The Institute for Clinical and Economic Review (ICER) is another major player in value-based pharmaceutical purchasing. ICER is a research organization that evaluates the clinical and economic value of prescription drugs, medical tests, and other health care products and services. One of ICER’s main research goals is to use clinical data to evaluate the effectiveness of drugs to inform prescription drug policy.
ICER evaluates medicines by comparing the price of a treatment to certain health outcomes such as patient populations, evidence synthesis, equal value of life years gained (evLYG) and quality of life metrics (QALYs). Moreover, ICER assesses the budget impacts of new drugs and makes price recommendations.
Value-Based Insurance Design: The V-BID Project
The Center for Value-Based Insurance Design (V-BID), housed in the University of Michigan, focuses on designing insurance plans that lower or remove financial barriers to essential, high-value clinical services, including pharmaceuticals. V-BID plans intend to align patients’ out-of-pocket costs, such as copayments, with the value of services.
For over a decade, researchers at V-BID have worked across payers, consumers and providers to implement and evaluate innovative health benefit designs that balance cost and quality. The goal is to encourage the use of high-value services and discourage the use of low-value services that do not significantly improve health in relation to costs.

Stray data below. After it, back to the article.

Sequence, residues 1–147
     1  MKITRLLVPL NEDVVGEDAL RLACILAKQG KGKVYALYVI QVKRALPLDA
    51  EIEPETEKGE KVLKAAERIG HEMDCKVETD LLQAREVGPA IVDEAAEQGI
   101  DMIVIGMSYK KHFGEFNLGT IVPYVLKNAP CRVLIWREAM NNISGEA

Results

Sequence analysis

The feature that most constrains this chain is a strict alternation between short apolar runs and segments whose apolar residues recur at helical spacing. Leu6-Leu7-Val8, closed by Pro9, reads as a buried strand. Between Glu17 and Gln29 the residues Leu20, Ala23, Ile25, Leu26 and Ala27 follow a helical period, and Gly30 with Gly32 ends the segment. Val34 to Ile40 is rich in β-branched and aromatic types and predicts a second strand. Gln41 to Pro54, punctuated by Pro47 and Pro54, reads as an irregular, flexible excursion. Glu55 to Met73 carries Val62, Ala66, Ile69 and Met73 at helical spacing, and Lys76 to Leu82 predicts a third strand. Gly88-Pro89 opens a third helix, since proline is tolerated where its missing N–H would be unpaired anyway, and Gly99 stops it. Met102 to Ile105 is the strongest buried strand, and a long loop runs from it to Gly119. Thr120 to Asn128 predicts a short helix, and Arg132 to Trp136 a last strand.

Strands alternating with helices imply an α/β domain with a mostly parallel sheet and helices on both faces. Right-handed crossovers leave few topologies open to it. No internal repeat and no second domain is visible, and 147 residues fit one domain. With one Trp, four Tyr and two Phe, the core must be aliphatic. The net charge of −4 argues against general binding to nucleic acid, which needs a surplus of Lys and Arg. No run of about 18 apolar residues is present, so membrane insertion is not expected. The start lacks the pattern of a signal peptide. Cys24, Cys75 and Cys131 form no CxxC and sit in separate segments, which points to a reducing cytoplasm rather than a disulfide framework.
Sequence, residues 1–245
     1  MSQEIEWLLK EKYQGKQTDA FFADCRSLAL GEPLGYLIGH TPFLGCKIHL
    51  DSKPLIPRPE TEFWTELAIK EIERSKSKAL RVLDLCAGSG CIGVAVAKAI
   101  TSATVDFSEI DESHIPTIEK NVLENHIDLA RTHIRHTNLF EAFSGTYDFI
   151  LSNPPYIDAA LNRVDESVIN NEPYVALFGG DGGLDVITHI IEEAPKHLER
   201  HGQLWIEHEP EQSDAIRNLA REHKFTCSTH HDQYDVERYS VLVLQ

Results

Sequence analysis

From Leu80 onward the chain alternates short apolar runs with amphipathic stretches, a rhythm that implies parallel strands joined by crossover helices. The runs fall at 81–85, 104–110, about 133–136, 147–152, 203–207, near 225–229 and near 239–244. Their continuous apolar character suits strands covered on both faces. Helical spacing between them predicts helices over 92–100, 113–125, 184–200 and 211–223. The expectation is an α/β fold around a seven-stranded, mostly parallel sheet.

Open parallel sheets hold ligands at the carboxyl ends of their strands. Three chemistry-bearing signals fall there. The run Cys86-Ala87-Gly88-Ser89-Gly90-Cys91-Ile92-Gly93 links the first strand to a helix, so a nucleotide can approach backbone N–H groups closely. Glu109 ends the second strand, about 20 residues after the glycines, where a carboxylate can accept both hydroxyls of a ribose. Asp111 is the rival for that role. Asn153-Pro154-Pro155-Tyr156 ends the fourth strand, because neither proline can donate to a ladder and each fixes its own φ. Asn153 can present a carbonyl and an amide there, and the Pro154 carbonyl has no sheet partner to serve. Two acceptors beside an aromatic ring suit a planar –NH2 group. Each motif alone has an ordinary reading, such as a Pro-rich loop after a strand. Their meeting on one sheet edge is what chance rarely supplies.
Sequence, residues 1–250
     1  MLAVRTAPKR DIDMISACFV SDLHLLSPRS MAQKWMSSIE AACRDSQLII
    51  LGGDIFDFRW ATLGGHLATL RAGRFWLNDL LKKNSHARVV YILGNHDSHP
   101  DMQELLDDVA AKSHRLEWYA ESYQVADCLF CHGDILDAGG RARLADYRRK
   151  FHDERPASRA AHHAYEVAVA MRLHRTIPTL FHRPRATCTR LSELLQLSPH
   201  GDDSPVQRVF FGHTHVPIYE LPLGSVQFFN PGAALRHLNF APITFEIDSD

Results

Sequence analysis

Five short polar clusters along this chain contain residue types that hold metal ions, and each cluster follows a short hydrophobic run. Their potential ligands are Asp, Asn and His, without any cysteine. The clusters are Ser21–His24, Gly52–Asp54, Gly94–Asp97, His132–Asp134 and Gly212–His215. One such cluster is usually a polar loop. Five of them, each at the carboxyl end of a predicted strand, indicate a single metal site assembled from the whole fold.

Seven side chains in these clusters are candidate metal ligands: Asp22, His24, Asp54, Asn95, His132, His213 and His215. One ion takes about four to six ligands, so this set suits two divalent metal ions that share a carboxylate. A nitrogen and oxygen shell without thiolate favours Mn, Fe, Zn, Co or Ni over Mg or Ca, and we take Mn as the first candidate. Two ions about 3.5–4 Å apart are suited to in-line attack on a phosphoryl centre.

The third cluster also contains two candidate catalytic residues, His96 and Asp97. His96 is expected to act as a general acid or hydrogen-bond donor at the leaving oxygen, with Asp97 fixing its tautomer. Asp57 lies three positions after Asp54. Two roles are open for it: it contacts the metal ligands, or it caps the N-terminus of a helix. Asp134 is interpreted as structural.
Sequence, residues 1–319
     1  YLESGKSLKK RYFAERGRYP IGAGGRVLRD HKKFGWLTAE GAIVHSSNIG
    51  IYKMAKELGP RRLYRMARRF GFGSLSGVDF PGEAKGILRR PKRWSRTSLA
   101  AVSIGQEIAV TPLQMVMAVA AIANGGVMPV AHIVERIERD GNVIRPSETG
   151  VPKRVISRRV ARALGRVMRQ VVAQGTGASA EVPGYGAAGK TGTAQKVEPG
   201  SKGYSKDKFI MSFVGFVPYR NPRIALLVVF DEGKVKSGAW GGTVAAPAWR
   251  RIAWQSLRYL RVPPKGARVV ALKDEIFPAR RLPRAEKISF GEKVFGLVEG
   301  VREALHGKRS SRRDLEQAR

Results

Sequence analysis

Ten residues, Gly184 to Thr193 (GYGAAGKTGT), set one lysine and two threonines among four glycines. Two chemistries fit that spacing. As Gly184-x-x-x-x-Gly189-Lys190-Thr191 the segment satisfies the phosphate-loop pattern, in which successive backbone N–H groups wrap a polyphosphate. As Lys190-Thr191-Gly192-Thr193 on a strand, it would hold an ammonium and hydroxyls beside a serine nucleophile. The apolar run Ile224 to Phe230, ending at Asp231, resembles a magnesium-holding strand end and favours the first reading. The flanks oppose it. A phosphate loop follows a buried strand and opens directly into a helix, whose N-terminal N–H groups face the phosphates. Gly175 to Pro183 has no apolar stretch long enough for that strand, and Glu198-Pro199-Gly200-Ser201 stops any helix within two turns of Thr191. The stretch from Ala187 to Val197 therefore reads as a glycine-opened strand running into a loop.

Several state and local governments have introduced V-BID into their public employee benefit packages to promote high-value care and encourage employees to take an active role in their own health care decisions. Additionally, Medicaid programs can use V-BID principles to set enrollee cost-sharing levels, remove wasteful spending, and improve quality of care.
Relatedly, research found savings might be achieved by replacing higher cost drugs with less costly and equally effective drugs using a “waste-free” formulary. Tennessee implemented this type of formulary in their state employee health plan and saw an annual savings over $60 million.
The Patient-Centered Outcomes Research Institute (PCORI)
The Patient-Centered Outcomes Research Institute (PCORI) funds CE research to help patients and other stakeholders make better informed health care decisions, including projects related to prescription drugs. Lawmakers may review patient-centered outcomes research to aid in evidence-based decision making for state agencies.
Academic detailing provides unbiased information on safety, efficacy, and cost-effectiveness of medications to physicians. As opposed to pharmaceutical detailing— marketing of pharmaceuticals by industry sales representatives—academic detailing is conducted by health care professionals, typically pharmacists.
According to the National Resource Center for Academic Detailing (NaRCAD), the organization that underpins academic detailing programs, the core focus of academic detailing is to provide physicians an accurate synthesis of the latest clinical data to improve patterns of prescribing, as well as enhance patient screening for certain treatments. Some research shows that academic detailing may improve patient health outcomes while helping to control costs.